At this point in the story, it is Charlotte who fragments into two personalities. Fairytales are filled with orphans and lost children, babes in woods and imprisoned in towers. Since Charlotte is now a mature and wealthy woman, the story introduces the disaffected Christina, a patient at Dr Jasquith’s sanatorium. Seeing her former self mirrored in Tina, Charlotte befriends her, takes her camping and eventually, to her Boston home. In effect, Charlotte becomes Christina’s mother. In best fairytale fashion, Charlotte discovers that Tina is Jerry Durrance’s daughter, cast out by wicked witch two, Mrs Durrance. All the while, she has to contend with the disapproval of Dr Jaquith. He relents eventually, even going into partnership with Charlotte for an extension to Cascades.
Symmetry and storytelling
The majority of fairytales embody a kind of symmetry, the completion of a circle or cycle of events. The character who has lived and suffered now realises him or herself. Tales often end in the same physical space in which they began. Now, Voyager ends around the hearth of the palatial Vale home but, instead of the stuffy atmosphere that Charlotte grew up in, it is filled with happy, young people, chatting and roasting sausages over the fire. The niece that once made fun of “Aunt Charlotte” is now her best friend. Jerry and Dr Jaquith arrive, stating their purpose is to see Tina. Charlotte takes Jerry into a room and warns him that they must only ever be platonic friends, because of the scandal that an affair might cast on Cascades. Reluctantly, Jerry agrees, and Charlotte regales him with that immortal line: "Oh, Jerry, don't let's ask for the moon. We have the stars".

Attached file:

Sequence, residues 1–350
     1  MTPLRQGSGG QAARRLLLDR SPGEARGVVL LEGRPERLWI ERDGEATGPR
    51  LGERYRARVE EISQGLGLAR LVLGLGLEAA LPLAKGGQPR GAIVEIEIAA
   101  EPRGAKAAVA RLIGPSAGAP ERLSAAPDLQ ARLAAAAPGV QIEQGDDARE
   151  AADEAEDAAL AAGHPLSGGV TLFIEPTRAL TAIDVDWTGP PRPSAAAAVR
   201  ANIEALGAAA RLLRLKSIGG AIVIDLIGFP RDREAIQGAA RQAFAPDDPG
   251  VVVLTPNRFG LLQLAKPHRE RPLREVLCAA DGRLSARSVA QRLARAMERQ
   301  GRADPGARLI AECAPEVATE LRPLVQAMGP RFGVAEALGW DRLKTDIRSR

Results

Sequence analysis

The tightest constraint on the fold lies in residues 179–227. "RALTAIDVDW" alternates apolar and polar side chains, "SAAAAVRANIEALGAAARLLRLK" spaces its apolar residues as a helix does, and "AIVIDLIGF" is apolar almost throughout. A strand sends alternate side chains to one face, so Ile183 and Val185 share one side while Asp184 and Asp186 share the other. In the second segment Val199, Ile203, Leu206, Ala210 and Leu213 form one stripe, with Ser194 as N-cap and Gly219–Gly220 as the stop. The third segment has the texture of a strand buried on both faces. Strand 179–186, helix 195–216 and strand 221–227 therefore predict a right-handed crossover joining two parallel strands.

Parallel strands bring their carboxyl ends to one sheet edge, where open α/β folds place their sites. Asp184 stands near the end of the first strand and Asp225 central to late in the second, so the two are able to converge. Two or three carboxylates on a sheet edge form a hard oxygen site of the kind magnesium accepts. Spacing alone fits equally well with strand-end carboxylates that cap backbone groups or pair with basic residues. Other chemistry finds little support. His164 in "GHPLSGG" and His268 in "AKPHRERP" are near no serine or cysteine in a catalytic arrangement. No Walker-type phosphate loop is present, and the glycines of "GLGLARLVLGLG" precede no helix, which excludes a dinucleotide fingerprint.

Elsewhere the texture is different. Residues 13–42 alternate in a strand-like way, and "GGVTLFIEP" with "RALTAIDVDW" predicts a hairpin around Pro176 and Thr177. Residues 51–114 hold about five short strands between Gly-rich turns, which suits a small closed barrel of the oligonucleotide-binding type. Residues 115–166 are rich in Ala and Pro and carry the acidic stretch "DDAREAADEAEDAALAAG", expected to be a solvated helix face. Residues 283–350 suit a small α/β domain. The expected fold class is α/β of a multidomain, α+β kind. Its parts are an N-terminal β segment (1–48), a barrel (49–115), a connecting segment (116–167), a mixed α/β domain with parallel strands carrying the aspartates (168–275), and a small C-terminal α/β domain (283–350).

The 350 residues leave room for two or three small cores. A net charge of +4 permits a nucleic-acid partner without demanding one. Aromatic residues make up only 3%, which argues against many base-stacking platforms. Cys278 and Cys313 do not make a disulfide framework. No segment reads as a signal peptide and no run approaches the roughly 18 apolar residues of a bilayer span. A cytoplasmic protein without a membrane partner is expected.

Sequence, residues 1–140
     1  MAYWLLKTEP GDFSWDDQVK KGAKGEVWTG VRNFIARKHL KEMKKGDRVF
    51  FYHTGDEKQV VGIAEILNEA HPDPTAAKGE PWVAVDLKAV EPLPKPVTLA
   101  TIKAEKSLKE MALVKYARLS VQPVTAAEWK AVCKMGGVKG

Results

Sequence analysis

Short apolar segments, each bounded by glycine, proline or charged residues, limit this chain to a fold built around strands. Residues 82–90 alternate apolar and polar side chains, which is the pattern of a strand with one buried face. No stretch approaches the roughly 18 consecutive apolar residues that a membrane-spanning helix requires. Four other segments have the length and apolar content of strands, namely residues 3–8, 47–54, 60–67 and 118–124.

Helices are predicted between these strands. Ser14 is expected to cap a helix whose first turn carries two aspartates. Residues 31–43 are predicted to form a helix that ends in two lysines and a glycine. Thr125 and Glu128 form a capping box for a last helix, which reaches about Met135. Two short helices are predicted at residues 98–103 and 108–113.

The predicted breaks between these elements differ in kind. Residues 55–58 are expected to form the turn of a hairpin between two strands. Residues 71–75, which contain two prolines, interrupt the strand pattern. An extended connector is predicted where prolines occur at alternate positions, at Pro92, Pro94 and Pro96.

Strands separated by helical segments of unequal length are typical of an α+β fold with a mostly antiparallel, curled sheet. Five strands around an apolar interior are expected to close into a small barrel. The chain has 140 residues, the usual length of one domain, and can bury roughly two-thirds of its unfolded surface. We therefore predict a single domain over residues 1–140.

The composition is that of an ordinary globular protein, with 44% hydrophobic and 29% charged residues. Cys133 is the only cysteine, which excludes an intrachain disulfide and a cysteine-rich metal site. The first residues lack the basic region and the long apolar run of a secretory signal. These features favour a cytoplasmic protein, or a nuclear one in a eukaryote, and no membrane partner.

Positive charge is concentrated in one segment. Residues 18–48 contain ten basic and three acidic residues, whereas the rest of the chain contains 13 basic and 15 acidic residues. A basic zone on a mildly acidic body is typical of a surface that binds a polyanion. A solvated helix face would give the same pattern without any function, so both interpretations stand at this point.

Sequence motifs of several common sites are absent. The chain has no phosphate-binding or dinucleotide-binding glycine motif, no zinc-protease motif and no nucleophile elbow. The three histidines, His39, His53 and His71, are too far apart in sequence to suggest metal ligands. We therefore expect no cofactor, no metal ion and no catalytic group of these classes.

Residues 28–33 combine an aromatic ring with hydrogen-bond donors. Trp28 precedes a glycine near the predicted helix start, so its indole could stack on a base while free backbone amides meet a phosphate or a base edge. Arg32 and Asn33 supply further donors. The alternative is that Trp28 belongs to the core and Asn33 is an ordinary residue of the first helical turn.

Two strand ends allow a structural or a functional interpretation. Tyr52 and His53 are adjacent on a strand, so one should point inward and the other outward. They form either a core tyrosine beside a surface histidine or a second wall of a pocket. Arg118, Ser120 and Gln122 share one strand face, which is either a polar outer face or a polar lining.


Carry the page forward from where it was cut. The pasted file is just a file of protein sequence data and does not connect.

The Pygmalion cycle is now complete with Dr Jaquith controlling the morals of the woman whom he fought so hard to liberate from the destructive control of her mother. In summary, Dr Jaquith has become Charlotte's parent. On reading reviews of the movie, many writers speculate that he wants to marry her, thus his veto on her relationship with Jerry. To the modern reader, this bittersweet ending is an odd sort of compromise, but more than justified in the context of the era. I rest my case.
The Penguin Dictionary of Classical Mythology, edited by Pierre Grimal